This course will provide an introduction to biomolecules in living matter. The simplicity of the building blocks of macromolecules (amino acids, monosaccharides, fatty acids and purine and pyrimidine bases) will be contrasted with the enormous variety and adaptability that is obtained with the different macromolecules (proteins, carbohydrates, lipids and nucleic acids). The nature of the electronic and molecular structure of macromolecules and the role of non-covalent interactions in an aqueous environment will be highlighted. The unit will be delivered though lectures, formative practicals and related feedback sessions to ensure students fully understand what is expected of them. Short tests (formative assessment) will be used throughout the unit to test students' knowledge and monitor that the right material has been extracted from the lectures.
Total contact hours: 47
Private study hours: 103
Total study hours: 150
Method of assessment
Practical (20%) 3 hr
MCQ Assessments – 40 questions (20%)
Exam (60%) 2 hr
Academic year 2022/23 examined: In-Person Exam (Standard Exam)
• Nelson DL, Cox MM, Lehninger Principles of Biochemistry, 7th Edition, W.H. Freeman, 2017
Alternative core texts (buy only one of):
• Berg JM, Stryer L, Tymoczko JL, Gatto GJ, Biochemistry, 9th Edition, Macmillan HE, 2019
• Garrett RH, Grisham CM, Biochemistry, 6th (international) Edition, Cengage, 2017
• Alberts B, Essential Cell Biology, 5th Edition, W W Norton (ex Garland Press), 2019
• Taylor MR, Simon EJ, Reece JB, Dickey J, Hogan KA, Campbell NA, Campbell Biology: Concepts & Connections, 9th Edition, Pearson, 2018
• Catch-Up Reading: Crowe J, Bradshaw T, Chemistry for the Biosciences: The Essential Concepts, 3rd Edition, Oxford University Press, 2014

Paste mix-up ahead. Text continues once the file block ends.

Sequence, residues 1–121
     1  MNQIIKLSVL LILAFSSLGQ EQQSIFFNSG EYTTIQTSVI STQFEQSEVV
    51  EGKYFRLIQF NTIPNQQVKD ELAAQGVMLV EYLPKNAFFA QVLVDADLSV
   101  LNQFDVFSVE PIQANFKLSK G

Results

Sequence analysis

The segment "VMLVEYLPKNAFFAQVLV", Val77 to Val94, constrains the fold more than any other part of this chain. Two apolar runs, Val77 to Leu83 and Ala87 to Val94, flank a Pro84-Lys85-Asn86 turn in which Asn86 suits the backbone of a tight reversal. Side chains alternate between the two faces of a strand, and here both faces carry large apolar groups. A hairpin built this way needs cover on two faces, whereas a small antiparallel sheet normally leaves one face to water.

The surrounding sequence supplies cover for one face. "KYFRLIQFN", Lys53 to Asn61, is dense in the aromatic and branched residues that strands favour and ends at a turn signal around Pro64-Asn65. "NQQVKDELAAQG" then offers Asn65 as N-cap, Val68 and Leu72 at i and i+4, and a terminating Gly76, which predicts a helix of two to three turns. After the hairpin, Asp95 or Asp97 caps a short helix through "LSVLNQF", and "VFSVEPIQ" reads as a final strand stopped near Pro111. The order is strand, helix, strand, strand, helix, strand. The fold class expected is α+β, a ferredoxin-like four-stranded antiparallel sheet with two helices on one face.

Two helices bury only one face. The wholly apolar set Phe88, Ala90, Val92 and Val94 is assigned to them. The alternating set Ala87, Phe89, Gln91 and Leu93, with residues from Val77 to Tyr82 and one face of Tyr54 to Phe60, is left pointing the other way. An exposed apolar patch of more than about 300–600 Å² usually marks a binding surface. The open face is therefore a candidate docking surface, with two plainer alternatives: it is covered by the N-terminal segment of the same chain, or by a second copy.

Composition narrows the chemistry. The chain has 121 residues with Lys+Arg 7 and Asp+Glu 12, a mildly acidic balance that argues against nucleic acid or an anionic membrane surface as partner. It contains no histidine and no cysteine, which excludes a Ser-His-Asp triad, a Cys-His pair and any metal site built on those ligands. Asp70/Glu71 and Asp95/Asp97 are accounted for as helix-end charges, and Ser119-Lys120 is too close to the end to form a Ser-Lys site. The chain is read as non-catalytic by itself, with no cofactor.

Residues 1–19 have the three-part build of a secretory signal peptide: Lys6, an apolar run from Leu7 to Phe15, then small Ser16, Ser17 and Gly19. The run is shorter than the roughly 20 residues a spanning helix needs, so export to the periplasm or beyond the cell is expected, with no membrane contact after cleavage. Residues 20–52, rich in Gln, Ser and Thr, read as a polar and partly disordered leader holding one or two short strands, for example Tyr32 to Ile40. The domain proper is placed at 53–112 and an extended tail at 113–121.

See the library reading list for this module (Canterbury)
Subject specific learning outcomes. On successfully completing the module students will be able to:
Demonstrate a basic understanding of the composition, structure and function of the major groups of molecules in cells; nucleic acids, proteins, carbohydrates and lipids.
Demonstrate a basic understanding of the principles of purification, separation and characterisation of macromolecules.
Generic learning outcomes. On successfully completing the module students will be able to:
Demonstrate competence in basic laboratory skills, calculations and problem solving.
Demonstrate competence in report writing.
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Credit level 4. Certificate level module usually taken in the first stage of an undergraduate degree.
- ECTS credits are recognised throughout the EU and allow you to transfer credit easily from one university to another.
- The named convenor is the convenor for the current academic session.
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